The story seemed tailor-made for opponents of outsiders.
“VETS KICKED OUT FOR MIGRANTS,” blared the front page of The New York Post, one of many outlets that last week carried the tale of homeless military veterans’ being expelled from their temporary hotel rooms north of New York City so that people coming from the Mexican border could stay there.
The sensational story grew out of claims by a veterans advocacy group and was immediately seized upon by local Republican elected officials.
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Rep. Mike Lawler called the ousting of the vets a “debacle.” A state assemblyman, Brian Maher, went on Fox News to denounce the action and announced a bill that would prohibit the displacement of veterans in response to the “migrant crisis that has pushed them out.”
Problem was, the story was a sham.
It began unraveling when reporters could not locate any displaced veterans. It fell apart further when managers of the Crossroads Hotel in Newburgh, New York, said they had no record of the veterans staying there.
And the story flopped for good Friday with an article in The Mid Hudson News that quoted a group of homeless men who said they had been recruited by the YIT Foundation, a veterans advocacy group, and its founder, Sharon Toney-Finch, who asked them to pose as the ousted veterans.
Their tale was a doozy. They told reporters from The Mid Hudson News and The Times Union of Albany that they had been approached at a homeless shelter in Poughkeepsie, New York, and then wined and dined before being propped up to the news media as ousted veterans. They added that they had been stiffed for the $200 payment they were promised for cooperating.
The Mid Hudson News’ work in debunking a highly charged nationwide tall tale drew praise for the importance of local coverage and underscored the paper’s motto: “We’re the news source where other reporters get their news.”
Its interviews with several homeless men Thursday night described an odyssey that began in a Poughkeepsie shelter. Two people showed up with a strange offer: They needed 15 middle-aged men to meet an elected official for a discussion on homelessness.
Officials at Webster House, an emergency housing center in Poughkeepsie, said a man and a woman had appeared at the shelter’s entrance and announced that they were from the YIT Foundation, a local advocacy group for needy veterans that is formally known as the Yerik Israel Toney Foundation.
“They said, ‘We have work for anyone who is interested,’” said Christa Hines, CEO of Hudson River Housing, which runs Webster House.
The pair was offering money and bags of toiletries. Roughly 15 residents took them up on the offer, Hines said in an interview Friday with The New York Times.
Some of the men told The Mid Hudson News that they had been taken to the Daily Planet Diner in LaGrange, New York, and had been joined by a veterans advocate who said they could order anything they wanted, including drinks, the paper reported.
“We ate like kings,” one of the men told the paper.
After that, Toney-Finch told the men they were headed to a nearby veterans center where they would pose as veterans who had been kicked out of a local hotel, one of the shelter residents, William, 52, said in an interview Friday with The New York Times.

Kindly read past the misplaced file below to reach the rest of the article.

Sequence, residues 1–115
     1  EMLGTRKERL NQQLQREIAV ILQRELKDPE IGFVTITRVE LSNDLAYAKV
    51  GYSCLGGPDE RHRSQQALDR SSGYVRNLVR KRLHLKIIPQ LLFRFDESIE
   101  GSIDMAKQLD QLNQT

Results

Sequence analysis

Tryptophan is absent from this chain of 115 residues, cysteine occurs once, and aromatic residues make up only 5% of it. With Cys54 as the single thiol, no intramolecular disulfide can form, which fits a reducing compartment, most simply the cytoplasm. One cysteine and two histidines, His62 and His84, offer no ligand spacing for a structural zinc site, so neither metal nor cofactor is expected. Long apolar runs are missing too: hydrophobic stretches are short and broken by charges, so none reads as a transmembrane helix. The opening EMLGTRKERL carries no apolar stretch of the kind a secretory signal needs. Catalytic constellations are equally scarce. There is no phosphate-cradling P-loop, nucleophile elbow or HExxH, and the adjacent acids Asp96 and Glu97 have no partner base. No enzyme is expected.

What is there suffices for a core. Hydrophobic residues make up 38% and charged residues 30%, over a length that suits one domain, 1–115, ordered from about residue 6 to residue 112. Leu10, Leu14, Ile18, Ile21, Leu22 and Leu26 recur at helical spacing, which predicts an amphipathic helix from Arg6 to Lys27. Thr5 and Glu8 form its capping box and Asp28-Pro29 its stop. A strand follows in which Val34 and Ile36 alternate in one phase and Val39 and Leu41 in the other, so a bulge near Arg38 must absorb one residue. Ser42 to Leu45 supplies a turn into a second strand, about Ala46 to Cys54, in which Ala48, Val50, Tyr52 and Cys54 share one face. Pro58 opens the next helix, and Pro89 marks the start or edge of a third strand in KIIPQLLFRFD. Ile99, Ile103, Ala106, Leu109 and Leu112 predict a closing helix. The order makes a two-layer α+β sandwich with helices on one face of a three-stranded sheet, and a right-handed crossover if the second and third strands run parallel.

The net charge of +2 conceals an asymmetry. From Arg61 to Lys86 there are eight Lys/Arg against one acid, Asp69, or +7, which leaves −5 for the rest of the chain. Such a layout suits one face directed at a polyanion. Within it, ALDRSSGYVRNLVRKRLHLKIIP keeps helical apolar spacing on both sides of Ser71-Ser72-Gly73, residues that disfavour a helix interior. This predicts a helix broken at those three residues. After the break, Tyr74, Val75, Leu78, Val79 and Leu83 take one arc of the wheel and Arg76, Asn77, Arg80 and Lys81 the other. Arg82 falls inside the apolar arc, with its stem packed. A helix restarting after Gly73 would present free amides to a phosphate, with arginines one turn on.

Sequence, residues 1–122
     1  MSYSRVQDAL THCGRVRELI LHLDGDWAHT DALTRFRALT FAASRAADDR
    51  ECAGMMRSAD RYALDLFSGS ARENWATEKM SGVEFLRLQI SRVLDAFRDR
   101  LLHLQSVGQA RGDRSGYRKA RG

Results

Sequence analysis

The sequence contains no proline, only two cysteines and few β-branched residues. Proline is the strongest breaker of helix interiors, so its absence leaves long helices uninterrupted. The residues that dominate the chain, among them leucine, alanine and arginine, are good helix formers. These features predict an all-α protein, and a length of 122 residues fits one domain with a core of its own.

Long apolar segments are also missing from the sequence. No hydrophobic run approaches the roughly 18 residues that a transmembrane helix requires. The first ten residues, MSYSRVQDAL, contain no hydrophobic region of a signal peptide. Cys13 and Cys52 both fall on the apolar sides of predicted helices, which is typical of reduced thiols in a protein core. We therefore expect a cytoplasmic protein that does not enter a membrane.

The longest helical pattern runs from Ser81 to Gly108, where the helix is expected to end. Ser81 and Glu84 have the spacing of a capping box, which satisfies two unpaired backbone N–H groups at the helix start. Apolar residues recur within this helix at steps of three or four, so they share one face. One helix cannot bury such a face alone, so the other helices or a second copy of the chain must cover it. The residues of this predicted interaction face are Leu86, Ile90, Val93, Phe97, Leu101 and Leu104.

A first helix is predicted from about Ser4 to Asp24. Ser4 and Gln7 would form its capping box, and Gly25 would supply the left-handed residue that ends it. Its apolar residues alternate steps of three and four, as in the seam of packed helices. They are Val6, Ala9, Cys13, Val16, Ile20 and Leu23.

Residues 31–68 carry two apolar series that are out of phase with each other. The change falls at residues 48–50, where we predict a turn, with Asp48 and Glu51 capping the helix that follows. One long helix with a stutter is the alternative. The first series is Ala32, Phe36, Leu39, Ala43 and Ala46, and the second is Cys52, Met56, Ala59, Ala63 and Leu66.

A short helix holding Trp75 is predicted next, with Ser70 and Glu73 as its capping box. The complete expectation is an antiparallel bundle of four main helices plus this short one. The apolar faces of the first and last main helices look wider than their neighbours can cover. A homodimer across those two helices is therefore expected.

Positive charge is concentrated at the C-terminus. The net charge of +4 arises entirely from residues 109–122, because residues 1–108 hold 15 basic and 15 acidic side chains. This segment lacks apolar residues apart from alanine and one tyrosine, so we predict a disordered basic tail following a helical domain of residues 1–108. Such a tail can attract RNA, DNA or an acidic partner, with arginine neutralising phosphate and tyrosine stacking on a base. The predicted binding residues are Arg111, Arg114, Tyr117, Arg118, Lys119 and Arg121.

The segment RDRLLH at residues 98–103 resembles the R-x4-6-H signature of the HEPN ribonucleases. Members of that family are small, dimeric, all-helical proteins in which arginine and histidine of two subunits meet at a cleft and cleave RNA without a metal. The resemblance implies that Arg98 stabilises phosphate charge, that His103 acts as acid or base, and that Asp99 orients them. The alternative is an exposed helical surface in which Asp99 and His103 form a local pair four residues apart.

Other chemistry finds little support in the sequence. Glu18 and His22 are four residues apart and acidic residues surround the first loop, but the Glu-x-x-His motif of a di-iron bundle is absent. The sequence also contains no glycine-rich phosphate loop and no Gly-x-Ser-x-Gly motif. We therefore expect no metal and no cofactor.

At the center, Heather Bell-Meyer, who heads the Orange County Chamber of Commerce, apparently believed the men were actual veterans and asked them to consider appearing before news cameras at a future date to speak about being displaced, said William, who said he would give only his first name because he feared reprisals from relatives who were military veterans.
Bell-Meyer did not respond to messages Friday.
“These folks are definitely struggling, unhoused and down on their luck; they were clearly preyed upon,” Hines said. “We were told that they were asked to go and offered money, but they were never paid.”
Republicans had used the concocted tale to denounce both the Biden administration and Mayor Eric Adams of New York City, who, facing limited space for hundreds of migrants arriving each day, has plans to send migrants to other towns.
Maher, the assemblyman, had even called for food donations for the chimerical veterans and encouraged local schoolchildren to write “thank you for your service” cards.
After the story fell apart, both Lawler, the congressperson, and Maher blamed Toney-Finch for inventing the false narrative. Lawler put out a statement denouncing it and Toney-Finch as “appalling.”
“Her decision to exploit our veterans — and the genuine admiration and love our community has for them — could have turned an already tense situation into something much worse,” he said.
But Toney-Finch, in a phone interview with the Times on Friday, said she had not made anything up and had been surprised herself by the displaced veterans story.
She said she had taken a small group of legitimate military veterans to the diner and to the event at the veterans center and had been joined by a larger group of men whom she did not know. She said she had not known that the outing would result in the spreading of a displaced-veteran story. In fact, she said, she had no idea where her group of veterans had been staying at the time.
“We never hired anybody,” she said. “I was used as a pawn.”
On Friday, Gov. Kathy Hochul called the situation “deeply troubling.”
She said the hotel had a “legal contract” with the city to house migrants, “and if people want to fabricate stories to undermine the whole process, I think it’s reprehensible.”
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